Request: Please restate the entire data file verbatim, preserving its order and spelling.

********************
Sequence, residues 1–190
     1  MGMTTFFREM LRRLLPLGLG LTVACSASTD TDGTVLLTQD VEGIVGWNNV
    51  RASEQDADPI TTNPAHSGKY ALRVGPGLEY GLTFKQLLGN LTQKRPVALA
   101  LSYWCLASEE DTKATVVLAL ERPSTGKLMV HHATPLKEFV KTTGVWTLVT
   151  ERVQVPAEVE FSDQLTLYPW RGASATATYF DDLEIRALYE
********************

Sequence, residues 1–190
     1  MGMTTFFREM LRRLLPLGLG LTVACSASTD TDGTVLLTQD VEGIVGWNNV
    51  RASEQDADPI TTNPAHSGKY ALRVGPGLEY GLTFKQLLGN LTQKRPVALA
   101  LSYWCLASEE DTKATVVLAL ERPSTGKLMV HHATPLKEFV KTTGVWTLVT
   151  ERVQVPAEVE FSDQLTLYPW RGASATATYF DDLEIRALYE